Caution: Student Blogger

Will Lion's blog photo
Will Lion’s photo along with Andrew Sullivan’s quote makes blogging look edgy and exciting! When I reread my blogs, they seem cautious, sometimes interesting or thoughtful, but not really exciting. Maybe I need to put a little X-games into my blogging!
As I read over my previous posts and remember where I was on this journey to becoming a teacher when I wrote certain posts, I am excited to realize I have grown as a teacher along the way. However, I am not so sure I have grown as a blogger – some weeks I definitely have something to write about; others I am seeking inspiration from others. Some weeks, I have a few comments on my blog; others I have none. The most I have ever had are four about a blog on revealing oneself personally in a lesson to help students, not only connect with literature in this case, but to hopefully not be afraid to open up in their class work. As I become better at tagging my blogs, I may attract more readers and comments. In the meantime, the process of reflecting on my week as a teacher and / or thinking about what others are thinking about does help me process what I am learning and hunger for more.
I will say, I love reading others’ blogs. It’s great to get a peek into the thinking of others who are also thinking about educating children. A couple of comments I have made on others’ posts that I think contributed to their or their readers’ learning are ones about specifically incorporating social lessons into academic lesson plans when appropriate and a comment I made about how the teaching profession works with all different types of teachers because there all different types of students.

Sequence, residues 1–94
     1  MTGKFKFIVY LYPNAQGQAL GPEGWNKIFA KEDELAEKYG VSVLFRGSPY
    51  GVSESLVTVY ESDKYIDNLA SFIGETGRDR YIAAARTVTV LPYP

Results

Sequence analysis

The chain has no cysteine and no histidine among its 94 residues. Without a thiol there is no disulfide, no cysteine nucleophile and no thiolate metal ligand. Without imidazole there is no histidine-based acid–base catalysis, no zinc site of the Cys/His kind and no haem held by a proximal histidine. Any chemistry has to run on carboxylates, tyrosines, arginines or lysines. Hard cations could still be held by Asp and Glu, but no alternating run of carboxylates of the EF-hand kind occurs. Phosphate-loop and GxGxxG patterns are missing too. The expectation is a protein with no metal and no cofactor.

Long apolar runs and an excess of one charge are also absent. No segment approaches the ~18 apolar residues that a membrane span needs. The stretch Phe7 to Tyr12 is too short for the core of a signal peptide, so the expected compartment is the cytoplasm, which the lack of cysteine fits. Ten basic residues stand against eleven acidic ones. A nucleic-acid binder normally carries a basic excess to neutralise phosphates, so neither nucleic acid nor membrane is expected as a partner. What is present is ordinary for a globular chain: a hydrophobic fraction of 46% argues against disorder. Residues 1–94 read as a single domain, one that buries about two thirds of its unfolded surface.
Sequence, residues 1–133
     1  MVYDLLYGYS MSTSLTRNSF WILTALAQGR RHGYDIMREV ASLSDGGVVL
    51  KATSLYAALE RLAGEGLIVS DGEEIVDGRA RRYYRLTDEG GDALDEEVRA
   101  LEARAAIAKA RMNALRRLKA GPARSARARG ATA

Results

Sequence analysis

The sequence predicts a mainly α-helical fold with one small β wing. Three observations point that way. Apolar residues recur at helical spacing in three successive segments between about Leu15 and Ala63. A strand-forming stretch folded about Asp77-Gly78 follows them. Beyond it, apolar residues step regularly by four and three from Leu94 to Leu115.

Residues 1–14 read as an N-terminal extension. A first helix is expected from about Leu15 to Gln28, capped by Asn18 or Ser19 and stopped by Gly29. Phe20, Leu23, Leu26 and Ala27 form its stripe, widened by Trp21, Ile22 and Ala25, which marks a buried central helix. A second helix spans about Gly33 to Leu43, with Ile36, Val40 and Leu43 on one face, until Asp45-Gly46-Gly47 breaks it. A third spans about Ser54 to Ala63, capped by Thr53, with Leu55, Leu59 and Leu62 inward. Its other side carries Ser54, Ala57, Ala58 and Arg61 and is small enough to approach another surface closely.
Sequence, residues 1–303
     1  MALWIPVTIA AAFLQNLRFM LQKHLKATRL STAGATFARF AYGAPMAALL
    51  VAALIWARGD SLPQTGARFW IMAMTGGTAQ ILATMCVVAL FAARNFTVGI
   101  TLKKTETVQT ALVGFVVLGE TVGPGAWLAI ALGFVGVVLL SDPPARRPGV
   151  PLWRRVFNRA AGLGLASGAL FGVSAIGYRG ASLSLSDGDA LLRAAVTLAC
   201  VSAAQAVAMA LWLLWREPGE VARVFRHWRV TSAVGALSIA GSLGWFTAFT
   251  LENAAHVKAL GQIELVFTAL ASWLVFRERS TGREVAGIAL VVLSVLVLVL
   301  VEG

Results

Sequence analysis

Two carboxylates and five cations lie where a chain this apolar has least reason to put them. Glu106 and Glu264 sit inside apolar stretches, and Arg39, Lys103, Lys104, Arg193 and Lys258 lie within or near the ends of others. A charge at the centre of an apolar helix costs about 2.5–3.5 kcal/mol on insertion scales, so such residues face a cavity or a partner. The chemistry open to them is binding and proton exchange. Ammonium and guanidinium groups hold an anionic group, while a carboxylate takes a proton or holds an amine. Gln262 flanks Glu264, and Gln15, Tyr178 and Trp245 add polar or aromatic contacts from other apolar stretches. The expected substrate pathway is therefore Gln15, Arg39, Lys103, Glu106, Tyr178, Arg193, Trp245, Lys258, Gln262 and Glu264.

This student blogger and teacher will keep on practicing and in no time will be able to take the “student” out of that title!

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One thought on “Caution: Student Blogger

  1. Cool that you’re loving reading others writing. I loved what Jeff said about giving back in proportion to what you’ve gotten from the internet, and that can be sharing resources or asking great questions that show your genuine interest in others’ thinking. You’ve pushed my thinking in your writing about grades and thanksgiving conversations … Looking forward to more in Winter.

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